In one of those delightful archaisms of the King James Bible, “a people belonging to God” is simply translated as “a peculiar people.” To be called by God into his covenant people is itself an experience of immigration, emigrating from darkness to light, finding our citizenship in this “peculiar people” that is a “holy nation.” We are called to be peculiar.
We need to appreciate that many of the habits and practices carried to North America by our Dutch forebears were not just ways to cling to an ethnic identity; they were formative practices of holy peculiarity, rooted in Reformed theological convictions and indebted to a Christian heritage much older than the Union of Utrecht. The formative wisdom carried in these Reformed practices is part of our catholic heritage as Christians. They are tangible expressions of holiness with a unique Reformed accent. To abandon them is not a triumphal overcoming of a parochial heritage; it is to spurn good gifts handed down to us.
Consider just one concrete example. If you talk to some CRC old-timers, you’ll inevitably hear some funny stories about what they could and could not do on Sunday. Observing a “sabbatarian rule,” most CRC communities kept the Sabbath as holy, as a day of rest. Such Sabbath-keeping produced an array of seemingly arbitrary expressions (which is why CRCers have always enjoyed reading Potok’s The Chosen). No working, of course—which translated into all sorts of instantiations: no cooking, no cutting the grass, no going to restaurants, no reading “secular” books, no playing baseball, no watching baseball, and so on. Admittedly, there seemed to be some hair-splitting: Yes, Henk, you can go in the lake, but only up to your waist, and no jumping up and down! But the practice of Sabbath-keeping was not just negative. “Rest” wasn’t just absence of activity; it was also devotion to worship, reflection, catechesis, and fellowship.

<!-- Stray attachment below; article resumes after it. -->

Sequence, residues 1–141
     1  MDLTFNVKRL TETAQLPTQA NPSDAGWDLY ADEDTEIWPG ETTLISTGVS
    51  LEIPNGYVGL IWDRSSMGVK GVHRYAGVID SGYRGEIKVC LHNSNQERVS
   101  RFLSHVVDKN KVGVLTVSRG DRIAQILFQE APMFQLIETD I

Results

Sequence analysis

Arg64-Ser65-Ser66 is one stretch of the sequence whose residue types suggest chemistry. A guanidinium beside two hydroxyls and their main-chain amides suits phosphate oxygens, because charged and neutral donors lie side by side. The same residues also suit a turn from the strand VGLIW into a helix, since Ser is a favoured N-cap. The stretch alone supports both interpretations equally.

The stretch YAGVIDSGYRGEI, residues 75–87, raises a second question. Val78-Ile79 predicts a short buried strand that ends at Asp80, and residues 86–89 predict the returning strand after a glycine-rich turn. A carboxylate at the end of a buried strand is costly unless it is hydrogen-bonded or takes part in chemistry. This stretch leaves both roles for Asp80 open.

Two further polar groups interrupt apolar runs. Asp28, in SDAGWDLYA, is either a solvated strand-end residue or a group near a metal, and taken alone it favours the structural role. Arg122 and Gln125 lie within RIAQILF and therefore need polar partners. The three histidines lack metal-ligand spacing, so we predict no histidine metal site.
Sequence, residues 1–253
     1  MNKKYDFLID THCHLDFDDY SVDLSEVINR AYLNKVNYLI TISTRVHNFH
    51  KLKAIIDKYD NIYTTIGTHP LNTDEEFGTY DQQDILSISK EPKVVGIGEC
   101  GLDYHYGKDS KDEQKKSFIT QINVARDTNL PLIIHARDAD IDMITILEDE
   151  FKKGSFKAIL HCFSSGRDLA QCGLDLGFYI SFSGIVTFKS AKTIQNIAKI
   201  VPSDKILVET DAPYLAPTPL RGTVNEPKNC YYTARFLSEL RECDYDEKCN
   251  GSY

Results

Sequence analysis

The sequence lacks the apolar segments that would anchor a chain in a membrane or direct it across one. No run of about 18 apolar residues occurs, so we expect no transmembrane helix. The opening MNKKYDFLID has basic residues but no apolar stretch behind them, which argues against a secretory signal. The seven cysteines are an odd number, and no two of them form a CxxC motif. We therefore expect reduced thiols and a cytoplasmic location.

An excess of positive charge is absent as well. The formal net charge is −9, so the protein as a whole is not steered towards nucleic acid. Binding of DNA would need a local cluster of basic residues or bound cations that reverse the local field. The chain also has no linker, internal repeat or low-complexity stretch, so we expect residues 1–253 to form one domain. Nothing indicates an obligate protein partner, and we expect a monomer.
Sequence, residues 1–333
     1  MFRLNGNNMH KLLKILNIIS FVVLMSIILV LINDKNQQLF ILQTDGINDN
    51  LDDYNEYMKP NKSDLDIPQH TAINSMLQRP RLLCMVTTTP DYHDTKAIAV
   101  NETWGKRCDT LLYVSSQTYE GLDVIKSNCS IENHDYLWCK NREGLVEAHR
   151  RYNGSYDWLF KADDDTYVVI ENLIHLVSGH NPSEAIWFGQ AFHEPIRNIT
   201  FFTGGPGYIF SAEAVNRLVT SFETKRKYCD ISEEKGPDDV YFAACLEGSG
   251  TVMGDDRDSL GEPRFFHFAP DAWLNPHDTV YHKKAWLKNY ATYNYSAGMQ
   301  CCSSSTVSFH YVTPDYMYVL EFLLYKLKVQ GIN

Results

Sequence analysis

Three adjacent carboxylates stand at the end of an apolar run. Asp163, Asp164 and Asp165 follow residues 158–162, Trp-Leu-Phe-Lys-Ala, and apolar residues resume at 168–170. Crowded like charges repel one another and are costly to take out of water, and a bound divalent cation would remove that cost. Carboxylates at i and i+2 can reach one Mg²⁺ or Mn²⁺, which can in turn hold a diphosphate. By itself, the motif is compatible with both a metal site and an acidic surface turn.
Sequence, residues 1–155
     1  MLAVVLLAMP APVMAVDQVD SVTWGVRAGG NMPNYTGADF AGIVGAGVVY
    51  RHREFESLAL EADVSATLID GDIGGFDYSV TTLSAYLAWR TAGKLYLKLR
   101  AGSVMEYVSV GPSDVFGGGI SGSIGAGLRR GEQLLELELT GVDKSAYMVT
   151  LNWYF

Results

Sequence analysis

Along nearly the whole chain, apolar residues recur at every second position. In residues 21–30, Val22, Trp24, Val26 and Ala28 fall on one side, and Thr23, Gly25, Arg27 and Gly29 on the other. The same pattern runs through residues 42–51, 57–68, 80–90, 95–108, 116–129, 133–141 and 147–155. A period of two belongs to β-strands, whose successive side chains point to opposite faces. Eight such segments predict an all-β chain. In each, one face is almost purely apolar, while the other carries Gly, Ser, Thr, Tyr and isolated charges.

Is this just part of an embarrassing ethnic hangover, something they did because they were Dutch? Or did this practice of Sabbath-keeping represent a good peculiarity that grew out of essentially Reformed expressions of Christian faith? Indeed, one can find some of our most important Christian thinkers today—spiritual writers like Marva Dawn, Dorothy Bass, and Norman Wirzba—reminding the church of the importance of Sabbath-keeping as a uniquely Christian practice for resisting the totalitarianism of globalization. Did our forebears perhaps know something we didn’t—not because they were Dutch, but because they were Reformed?
The future of the CRC, and really all Dutch Reformed groups in North America, requires that we squarely face the realities of our ethnic heritage(s). But many of the unique strengths and gifts of our Reformed heritage should not be confused with an ethnic inheritance. They are, rather, the gifts of God for the people of God.